If there is one probe in the last decade that was by far the most under-appreciated and most deserving of worldwide acclaim it was the Huygens probe that landed on Saturn’s largest moon Titan back in 2005.  Granted I was only sixteen year old at the time, but I don’t remember much being made about Huygens except by NASA.  Admittedly nowadays, the things that excite NASA rarely, if ever, excite the average U.S. citizen.  What a shame that is.  I know it’s rather daft to compare the 1969 Moon landing with the Huygens mission but the spirit of the first moon landing was surely present within NASA when Huygens touched down on Titan.  The mission was historic for several reasons.  It was the first time a man-made probe had landed on a moon.  It was, and still is, the most distant body a man-made probe has landed on.  Huygens also had great scientific value also from the brief glimpse it got of the surface of the alien moon.  It was the first time we had ever touched down on a world that was truly “alien”, in that we had little to no idea what to expect.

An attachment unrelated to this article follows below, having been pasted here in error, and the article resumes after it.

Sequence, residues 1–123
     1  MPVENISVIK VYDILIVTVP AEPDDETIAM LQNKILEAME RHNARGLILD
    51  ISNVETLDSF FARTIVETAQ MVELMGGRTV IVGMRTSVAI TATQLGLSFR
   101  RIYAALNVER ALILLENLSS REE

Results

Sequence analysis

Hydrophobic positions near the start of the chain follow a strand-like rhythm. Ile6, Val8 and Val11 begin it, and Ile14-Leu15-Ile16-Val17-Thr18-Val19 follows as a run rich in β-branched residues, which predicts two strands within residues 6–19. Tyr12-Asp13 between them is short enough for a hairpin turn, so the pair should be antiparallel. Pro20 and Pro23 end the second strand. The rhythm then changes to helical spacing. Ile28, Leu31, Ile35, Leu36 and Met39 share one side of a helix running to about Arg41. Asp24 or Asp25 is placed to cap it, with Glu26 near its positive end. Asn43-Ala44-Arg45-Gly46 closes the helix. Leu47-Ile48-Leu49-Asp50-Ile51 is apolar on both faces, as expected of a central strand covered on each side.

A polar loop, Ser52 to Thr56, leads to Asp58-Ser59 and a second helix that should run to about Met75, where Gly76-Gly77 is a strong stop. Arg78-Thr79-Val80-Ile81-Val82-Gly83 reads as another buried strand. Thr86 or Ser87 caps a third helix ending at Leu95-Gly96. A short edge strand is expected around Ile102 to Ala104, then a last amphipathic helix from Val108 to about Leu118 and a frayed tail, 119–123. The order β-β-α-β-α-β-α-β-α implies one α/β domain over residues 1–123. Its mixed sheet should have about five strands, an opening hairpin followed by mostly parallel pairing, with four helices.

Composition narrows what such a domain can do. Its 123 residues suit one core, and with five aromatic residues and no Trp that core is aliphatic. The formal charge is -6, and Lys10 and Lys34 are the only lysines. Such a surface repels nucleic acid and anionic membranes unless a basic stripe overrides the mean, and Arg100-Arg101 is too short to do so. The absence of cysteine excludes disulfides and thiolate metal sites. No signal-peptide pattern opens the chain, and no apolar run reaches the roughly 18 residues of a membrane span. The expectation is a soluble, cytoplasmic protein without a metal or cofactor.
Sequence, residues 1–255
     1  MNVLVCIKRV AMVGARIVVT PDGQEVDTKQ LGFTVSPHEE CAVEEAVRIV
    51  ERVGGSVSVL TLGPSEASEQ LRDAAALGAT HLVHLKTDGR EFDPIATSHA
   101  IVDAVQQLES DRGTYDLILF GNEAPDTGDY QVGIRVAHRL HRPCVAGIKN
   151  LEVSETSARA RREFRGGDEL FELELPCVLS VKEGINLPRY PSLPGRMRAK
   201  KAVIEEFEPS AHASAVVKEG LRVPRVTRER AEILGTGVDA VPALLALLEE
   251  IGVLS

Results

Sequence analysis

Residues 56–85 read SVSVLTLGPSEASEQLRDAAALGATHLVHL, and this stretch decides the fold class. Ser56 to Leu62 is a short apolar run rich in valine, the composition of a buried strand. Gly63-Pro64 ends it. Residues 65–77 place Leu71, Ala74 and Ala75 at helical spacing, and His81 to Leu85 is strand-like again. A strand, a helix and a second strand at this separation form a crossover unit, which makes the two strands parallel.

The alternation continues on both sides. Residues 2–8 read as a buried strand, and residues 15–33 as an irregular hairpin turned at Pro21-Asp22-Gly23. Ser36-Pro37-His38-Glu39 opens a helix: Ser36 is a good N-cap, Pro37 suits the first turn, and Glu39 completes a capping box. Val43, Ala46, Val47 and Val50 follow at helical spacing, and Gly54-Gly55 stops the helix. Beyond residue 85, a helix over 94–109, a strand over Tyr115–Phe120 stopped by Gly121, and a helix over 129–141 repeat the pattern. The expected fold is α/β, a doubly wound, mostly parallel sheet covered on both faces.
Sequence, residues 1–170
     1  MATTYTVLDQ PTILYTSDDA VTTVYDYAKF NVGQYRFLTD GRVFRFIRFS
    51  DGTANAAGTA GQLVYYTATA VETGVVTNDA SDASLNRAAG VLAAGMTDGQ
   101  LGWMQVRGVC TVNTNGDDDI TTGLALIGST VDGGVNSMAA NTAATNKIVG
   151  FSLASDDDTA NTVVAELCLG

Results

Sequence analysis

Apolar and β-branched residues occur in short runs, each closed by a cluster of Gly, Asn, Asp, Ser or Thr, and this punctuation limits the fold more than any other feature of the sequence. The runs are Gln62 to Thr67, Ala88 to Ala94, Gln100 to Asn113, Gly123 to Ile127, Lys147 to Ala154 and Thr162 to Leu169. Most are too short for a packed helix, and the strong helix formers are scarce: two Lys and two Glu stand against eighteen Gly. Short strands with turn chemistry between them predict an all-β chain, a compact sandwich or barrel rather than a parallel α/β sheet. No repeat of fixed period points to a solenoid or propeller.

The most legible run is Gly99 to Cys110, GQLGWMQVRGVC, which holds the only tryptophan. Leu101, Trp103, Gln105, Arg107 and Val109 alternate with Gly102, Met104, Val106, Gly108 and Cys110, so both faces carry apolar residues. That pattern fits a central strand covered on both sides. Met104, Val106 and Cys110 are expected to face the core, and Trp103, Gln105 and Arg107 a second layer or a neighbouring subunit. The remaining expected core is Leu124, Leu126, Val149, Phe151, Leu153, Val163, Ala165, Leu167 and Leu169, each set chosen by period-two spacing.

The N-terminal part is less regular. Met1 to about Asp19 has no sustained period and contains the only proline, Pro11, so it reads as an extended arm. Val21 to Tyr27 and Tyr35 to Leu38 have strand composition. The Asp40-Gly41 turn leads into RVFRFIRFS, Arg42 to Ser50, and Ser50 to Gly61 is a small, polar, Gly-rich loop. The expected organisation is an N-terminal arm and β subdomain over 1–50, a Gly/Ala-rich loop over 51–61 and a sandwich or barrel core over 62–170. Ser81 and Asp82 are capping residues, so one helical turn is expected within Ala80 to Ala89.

Huygens was part of a mission to Saturn that was 22 years in the making.  The Cassini spacecraft was the main probe that would visit Saturn for the first time since Voyager 1 passed by in 1980.  One moon in particular caught the attention of NASA during its Saturnian encounter, Titan.  Titan is Saturn’s largest moon and bears a striking similarity to Earth.  It has a dense atmosphere.  The first images of Titan showed the famous ‘thin blue line” that shows the presence of an atmosphere.  As the picture below shows, Titan’s atmosphere looks incredibly like our own atmosphere when seen from space.  From that point on NASA resolved that it would eventually send a probe there.

Titan’s atmosphere seen by Voyager 1 in 1980 Credit: NASA